A Plague on Both Your Houses by Susanna Gregory
My rating: 4 of 5 stars
A Plague On Both Your Houses is the first in a very long series of novels set in 12th century Cambridge, in the infancy of the university there. Matthew Bartholomew is a university doctor with slightly unconventional views such as the importance of cleanliness and working with poor people. He is a Fellow at Michaelhouse, one of the university’s colleges, at a time when the university is divided between the colleges (own their own land etc) and the hostels (similar to colleges but not quite as formal and in rented houses). There is a spate of suspicious deaths in the university and Bartholomew is drawn into it. At the same time the Black Death is approaching. So the book is part extremely knotty mystery, with many different suspects and events and part story about how Bartholomew and the town itself handles the plague when it hits, I found those bits to be particularly fascinating. I liked the mystery bit too, the solution wasn’t too obvious, so I was happy to be kept guessing, although, like I say, it was so knotty that quite a few chapters at the end had to be pretty much devoted to character exposition as to what actually happened with added help of a villain who just had to tell their victims everything before they tried to dispatch them. Still, I liked it and I am rather happy to find a ‘new’ historical mystery series to get my teeth into.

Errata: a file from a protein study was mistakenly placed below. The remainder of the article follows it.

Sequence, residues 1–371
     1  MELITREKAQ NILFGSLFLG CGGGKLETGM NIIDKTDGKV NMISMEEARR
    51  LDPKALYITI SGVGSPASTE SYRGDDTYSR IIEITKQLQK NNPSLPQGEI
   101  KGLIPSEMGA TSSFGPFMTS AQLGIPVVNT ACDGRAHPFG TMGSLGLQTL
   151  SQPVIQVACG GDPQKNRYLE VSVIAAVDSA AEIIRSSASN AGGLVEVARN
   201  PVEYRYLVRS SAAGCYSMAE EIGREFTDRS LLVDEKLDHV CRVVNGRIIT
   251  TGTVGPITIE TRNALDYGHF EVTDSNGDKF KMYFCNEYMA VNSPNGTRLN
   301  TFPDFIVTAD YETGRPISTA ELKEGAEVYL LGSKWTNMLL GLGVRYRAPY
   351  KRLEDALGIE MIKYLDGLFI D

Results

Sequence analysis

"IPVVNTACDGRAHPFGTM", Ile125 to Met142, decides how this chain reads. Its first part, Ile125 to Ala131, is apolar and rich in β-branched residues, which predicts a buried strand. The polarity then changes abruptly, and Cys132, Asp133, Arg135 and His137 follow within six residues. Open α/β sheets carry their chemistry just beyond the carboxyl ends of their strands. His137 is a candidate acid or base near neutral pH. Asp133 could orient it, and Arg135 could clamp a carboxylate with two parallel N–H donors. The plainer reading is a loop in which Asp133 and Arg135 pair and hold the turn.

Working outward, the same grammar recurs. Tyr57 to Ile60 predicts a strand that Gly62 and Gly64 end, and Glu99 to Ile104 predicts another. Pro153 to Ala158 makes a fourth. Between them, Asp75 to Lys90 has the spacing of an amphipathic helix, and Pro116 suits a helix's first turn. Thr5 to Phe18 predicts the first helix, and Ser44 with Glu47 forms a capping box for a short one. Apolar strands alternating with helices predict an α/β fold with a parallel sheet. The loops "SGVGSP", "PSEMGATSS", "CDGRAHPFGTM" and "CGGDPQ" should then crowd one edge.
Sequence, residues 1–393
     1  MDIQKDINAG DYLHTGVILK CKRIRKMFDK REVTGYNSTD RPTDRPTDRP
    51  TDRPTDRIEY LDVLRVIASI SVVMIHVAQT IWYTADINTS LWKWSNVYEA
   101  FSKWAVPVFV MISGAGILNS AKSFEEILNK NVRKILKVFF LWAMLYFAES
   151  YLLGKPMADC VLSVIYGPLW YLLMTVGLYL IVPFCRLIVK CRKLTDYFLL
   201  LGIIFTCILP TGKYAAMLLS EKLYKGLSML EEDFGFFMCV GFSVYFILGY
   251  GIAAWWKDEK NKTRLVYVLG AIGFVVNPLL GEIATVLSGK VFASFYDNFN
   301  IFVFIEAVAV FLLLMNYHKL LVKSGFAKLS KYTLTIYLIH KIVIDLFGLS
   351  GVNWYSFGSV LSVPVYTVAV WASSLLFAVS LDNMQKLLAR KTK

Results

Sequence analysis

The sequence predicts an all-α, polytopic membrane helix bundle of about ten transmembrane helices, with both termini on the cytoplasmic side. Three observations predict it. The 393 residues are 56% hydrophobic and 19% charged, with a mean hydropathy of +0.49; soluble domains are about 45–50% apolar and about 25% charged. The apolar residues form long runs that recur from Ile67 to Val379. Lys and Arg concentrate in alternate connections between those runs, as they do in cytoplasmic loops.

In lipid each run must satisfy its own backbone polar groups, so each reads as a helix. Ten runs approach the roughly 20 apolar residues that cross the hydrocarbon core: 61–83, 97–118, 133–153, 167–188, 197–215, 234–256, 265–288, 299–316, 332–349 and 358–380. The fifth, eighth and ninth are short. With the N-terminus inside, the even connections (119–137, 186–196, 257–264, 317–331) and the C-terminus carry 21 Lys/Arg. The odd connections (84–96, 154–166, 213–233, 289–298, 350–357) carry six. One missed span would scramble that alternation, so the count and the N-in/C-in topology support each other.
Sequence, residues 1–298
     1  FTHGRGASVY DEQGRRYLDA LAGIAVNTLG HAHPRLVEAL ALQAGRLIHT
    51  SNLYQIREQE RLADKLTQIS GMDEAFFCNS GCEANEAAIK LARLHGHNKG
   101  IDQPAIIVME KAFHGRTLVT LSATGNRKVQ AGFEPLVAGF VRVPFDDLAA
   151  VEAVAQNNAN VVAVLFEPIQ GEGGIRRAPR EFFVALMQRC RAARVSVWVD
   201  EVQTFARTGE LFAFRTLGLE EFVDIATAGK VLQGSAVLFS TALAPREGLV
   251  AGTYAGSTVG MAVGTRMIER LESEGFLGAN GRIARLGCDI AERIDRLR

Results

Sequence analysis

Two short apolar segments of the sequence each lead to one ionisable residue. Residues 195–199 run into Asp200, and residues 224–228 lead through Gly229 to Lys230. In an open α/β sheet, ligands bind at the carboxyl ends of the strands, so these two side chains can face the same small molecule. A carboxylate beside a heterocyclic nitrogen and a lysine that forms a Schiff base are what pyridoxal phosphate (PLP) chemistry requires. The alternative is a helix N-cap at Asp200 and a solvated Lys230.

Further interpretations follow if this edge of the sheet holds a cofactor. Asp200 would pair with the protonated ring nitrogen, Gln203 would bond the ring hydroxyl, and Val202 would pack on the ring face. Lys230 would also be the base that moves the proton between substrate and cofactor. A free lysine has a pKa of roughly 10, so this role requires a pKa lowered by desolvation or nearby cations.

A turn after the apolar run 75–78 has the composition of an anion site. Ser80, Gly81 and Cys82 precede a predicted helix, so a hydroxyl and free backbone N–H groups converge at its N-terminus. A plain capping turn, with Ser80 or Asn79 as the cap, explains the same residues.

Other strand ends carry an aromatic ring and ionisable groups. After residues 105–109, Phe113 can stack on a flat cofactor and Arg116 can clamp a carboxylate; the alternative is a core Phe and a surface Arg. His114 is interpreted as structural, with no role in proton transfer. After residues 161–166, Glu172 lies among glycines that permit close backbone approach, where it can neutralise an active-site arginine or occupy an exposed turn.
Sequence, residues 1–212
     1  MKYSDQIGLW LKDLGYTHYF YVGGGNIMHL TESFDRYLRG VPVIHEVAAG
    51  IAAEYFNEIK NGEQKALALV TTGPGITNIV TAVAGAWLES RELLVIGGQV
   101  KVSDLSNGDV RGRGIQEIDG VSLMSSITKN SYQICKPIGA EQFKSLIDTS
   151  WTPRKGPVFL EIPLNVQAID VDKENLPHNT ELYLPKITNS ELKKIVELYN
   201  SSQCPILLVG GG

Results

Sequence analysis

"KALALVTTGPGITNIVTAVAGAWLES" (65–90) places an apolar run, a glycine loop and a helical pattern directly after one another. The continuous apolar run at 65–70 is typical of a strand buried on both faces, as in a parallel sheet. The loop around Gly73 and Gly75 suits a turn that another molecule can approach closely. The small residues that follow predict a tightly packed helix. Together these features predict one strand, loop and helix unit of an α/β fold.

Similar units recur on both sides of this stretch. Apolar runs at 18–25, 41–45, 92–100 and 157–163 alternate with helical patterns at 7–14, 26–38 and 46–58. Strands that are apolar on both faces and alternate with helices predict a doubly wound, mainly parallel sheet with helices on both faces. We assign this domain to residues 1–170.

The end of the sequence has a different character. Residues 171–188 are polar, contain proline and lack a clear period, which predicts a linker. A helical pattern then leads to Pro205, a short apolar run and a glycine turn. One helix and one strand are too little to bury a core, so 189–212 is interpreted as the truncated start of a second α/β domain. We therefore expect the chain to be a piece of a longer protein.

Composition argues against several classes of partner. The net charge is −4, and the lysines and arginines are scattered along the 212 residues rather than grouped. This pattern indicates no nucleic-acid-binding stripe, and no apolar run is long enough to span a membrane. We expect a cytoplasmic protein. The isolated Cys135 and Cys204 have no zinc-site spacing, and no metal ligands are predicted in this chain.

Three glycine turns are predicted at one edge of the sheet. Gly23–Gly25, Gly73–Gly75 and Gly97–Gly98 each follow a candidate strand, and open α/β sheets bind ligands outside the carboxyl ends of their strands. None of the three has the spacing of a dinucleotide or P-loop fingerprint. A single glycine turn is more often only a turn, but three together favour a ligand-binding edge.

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My creative inspiration from this book came from the loving descriptions of the food. I think it can be easy for us to forget that this present period of time where the majority of us (at least in developed countries) can just pop into the supermarket and come out with any number of different types of food that would have astounded the characters in the Matthew Bartholomew books, that this period of plenty is a relatively short one compared to the total span of time that humans have existed. In the Matthew Bartholomew books, particularly with the effects of the plague, food is in short supply and is often of poor quality, so when the characters get a chance to eat something good, they really appreciate it. In A Plague on Both Your Houses, Matthew and his friend Michael get a chance (in between fighting crime) to sit down in the college kitchen and eat a plate of freshly made oatcakes and just that description of how nice they were and how appreciated they were, made me really want oatcakes. Anyway, I’m not sure if my oatcakes from a recipe from Lorraine Pascale, with added parmesan and thyme, are quite what the indomitable Agatha (the servant who rules the kitchen at Michaelhouse) would have made, I’m guessing she would have had thyme growing in the college’s kitchen garden but I’m not sure she could have got her hands on some parmesan, so these are very loosely inspired but ooh they are nice.